After 4 hours, we reached Zurich, and then had an hours wait to take Intercity train to Chur. The barman on the TGV had changed a few Euros for Swiss Francs so we had enough for drinks on the concourse. There was a strange vibe, the station seems to be a meeting place for young teenagers, those that managed to avoid being swept up by constant patrols of cleaning machines. Just before boarding we walked to the edge of the station to take a brief look at Zurich town centre and saw some trams. Zurich – done.

Boarding the train, we reflected on how pleasant Swiss Intercity trains were. Wide, comfy seats and a general feeling of luxury. That notion lasted through 45 minutes of the remaining evening light and the most spectacular part of the journey with views over Lake Zurich before the ticket inspector disabused us , announcing we were in First Class and could either decamp to Second or pay more. This was an easy decision and Second Class was still good. One observation that says a great deal about the Swiss and their attitudes was that in second class were the usual numbers of young people lost to the outside world on their Ipods and phones, many with their feet on the empty seats opposite. Without exception, each  had removed their shoes or, in one case, placed a sheet of paper on the seat to rest their feet on.

We reached Chur after dark at around 9pm. We decided to check in to the Comfort Post hotel without delay and then find somewhere for a quick bite to eat. I knew the hotel was an easy walk from the station but was unprepared for the ‘Stepford Wives’, deserted streets feel of the town centre. Lots of closed, expensive shops with lit displays but no people and no sign of life.  Ahead,  I noticed a drunk starting an argument with himself over a dropped and broken bottle. As we passed, I watched him carefully and sure enough after we passed he chose to run directly at us, heading for the non-existent space between us. , My initial adrenaline driven  response was to advise him of his similarity to the male member perched on his shoulders in a loud voice and a brief stand off followed before he dropped more of his pointless possessions, started to weep and we continued to the hotel. Wilkommen am Chur!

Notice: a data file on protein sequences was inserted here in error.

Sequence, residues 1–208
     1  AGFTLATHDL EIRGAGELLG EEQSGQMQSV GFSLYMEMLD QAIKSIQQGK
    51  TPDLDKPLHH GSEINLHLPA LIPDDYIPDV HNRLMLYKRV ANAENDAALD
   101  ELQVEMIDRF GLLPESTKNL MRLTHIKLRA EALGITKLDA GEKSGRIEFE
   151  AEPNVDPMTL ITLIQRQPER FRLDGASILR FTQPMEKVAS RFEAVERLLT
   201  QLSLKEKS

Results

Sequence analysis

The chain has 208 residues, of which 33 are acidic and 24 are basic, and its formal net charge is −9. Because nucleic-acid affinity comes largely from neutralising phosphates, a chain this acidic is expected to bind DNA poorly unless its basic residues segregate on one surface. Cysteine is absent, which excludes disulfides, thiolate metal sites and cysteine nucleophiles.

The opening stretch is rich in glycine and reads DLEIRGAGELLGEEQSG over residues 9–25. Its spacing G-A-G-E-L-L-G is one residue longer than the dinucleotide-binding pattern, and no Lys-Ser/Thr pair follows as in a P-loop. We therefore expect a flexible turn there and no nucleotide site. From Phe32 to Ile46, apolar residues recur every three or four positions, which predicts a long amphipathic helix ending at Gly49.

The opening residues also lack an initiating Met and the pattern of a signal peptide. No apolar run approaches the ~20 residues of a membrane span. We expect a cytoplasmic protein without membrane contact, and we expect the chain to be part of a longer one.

We checked in, asked about eating only to be told everywhere closed at 10. So we hurriedly dropped the bags into the well appointed room before venturing out into dark, depopulated Mittel Europa . The churches, Rathaus (town hall) and other medieval buildings were all proving a bit too Teutonic for OH. I was simply living in some episode of Tales From Europe. I neglected to tell her that Chur is situated on the Rhine river. We were both defeated by the menus which were all  uncompromisingly German. Bill Bryson compares German to Italian in the language of food and asks you to draw your own conclusions: Schweinefleisch mit kartoffeln or Vitello alla Milanese.


After a number of nearlies we settled on the Drei Bunde, which promised pork in many varieties to be served by Eva Braun’s granddaughter complete in dirndl-like outfit and leather waistcoat. The wooden panelling, tiled stove and pictures of local scenes were a bit disconcerting but in reality the family owned place was friendly enough and the food quite good. I had breaded Pork Cordon Bleu, ham and cheese in an escalope with my second lot of chips in the day, OH went for breaded pork, as above but without the ham and cheese, with noodles. These were substantial portions. Back to the Post hotel with everything very correct and efficient, although as I rapidly dropped off to sleep under a warm Swiss duvet, I imagined I heard several people being dragged away from the street outside for thinking about dropping litter or staring too long into shop windows. And perhaps from some closing Bierhaus:

The branch on the linden is leafy and green
The Rhine gives its gold to the sea
But somewhere a glory awaits unseen
Tomorrow belongs to me

Tomorrow , our Alpine crossing on the Bernina Express over to Italy. Von Ryan is waiting!

Take the last train to Clarksville,
And I’ll meet you at the station.
You can be be there by four thirty,
‘Cause I made your reservation.


About Moorendman

A traveller through life who reads a great many of peoples works whilst self teaching himself.